Parliamentarians can claim an allowance on a second home so they can serve their constituency and visit Westminster, home to the English Parliament. But some abusers nominate the "wrong" second home, others partake in "flipping" back and forth between homes so they can claim for renovation work on both properties and some have been caught buying goods for the "wrong" home.
Other cases involve members of Parliament renting out their second homes and making renovations before resigning. Lawmakers are also allowed to keep any profit they make when they sell their second homes.
The member for Salford, Hazel Blears, for instance, was criticized after claiming expenses on a second home in London before selling it for a $68,000 profit. According to the leaked expense claims in the Daily Telegraph, Blears "flipped" her home twice in year, she claimed for a mortgage on a second home but then didn't pay the 40 percent capital gains tax, then charged on the sale of second homes.
Although this wasn't technically breaking any rules, Blears told ABC News that, "The system of parliamentary allowances is unacceptable, and must be changed urgently."
Is the British Parliament Full of Tax Cheats?
Leader of the Conservative Party David Cameron told the BBC that he's angry about what has happened. "It is out of order," he said. "Some of this is an abuse of taxpayers' money, and I am going to deal with it."
Three Tory members of Parliament have offered to pay back money claimed on their swimming pools and the Conservative leader has indicated he will take action to discipline those who have abused the system.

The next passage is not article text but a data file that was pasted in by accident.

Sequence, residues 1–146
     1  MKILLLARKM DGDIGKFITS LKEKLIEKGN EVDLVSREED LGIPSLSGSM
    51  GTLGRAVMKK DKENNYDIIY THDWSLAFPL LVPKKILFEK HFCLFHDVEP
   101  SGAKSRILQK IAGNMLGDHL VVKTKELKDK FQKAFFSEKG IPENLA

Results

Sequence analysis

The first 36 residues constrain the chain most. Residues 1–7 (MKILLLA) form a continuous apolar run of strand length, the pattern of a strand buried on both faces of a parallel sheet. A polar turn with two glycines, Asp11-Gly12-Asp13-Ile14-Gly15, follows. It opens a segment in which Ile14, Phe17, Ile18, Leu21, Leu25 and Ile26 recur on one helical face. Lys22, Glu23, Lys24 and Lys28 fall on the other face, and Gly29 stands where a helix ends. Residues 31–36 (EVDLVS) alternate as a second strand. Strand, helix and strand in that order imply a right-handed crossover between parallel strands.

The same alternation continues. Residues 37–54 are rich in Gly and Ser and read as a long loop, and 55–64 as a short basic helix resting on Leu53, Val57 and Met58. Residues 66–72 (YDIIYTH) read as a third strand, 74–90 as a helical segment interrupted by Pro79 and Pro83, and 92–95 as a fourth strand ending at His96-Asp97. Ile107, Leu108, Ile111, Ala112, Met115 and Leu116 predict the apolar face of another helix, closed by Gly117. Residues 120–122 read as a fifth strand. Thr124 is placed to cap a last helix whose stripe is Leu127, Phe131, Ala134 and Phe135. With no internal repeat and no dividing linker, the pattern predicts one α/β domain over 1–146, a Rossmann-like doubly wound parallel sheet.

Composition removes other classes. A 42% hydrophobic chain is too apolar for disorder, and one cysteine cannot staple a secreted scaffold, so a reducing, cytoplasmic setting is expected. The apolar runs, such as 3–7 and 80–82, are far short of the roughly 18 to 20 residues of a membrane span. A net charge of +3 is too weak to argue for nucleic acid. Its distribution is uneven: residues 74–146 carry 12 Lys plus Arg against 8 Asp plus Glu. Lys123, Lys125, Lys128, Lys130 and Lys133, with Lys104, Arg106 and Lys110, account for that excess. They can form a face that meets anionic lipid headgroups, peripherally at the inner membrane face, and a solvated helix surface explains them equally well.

The British public has apparently been unknowingly picking up the bill to subsidize lifestyles that they can only imagine and the revelations couldn't have come at a worse time with millions facing unemployment. And voters are angry.
One particular incident that incensed many was Home Secretary Jacqui Smith's claim for her husband's porn movie . Smith claimed to know nothing about this, and her husband was forced to make an humiliating public apology.
Party support has sunk to an all-time low as Brits stand united in anger against the fallout. A Populus Ltd. poll for The Times newspaper found soon after the first disclosures that faith in the Labor and Conservative parties has dropped by 4 percentage points. Many voters believe MP's are out of touch and guilty of abuse.
Gianna Goulding, a charity worker based in London, told ABC News she is disgusted. "How are we expected to vote now, Parliament is fast becoming a place full of cheats," she said.
James Francis, from a Central London production company, told ABC News he thinks that while some expenses are justified, others are clearly not. "I read that one politician claimed for his lawnmower to be repaired; that's obscene, given the state of the NHS [National Health Service], benefits and unemployment rate. People don't have disposable income anymore but we're still expected to pay taxes that are spent on their home comforts."
The authorized version of the expense claims set to be released in July is now being move up a month and discussions have begun on plans to overhaul the entire politician expense system.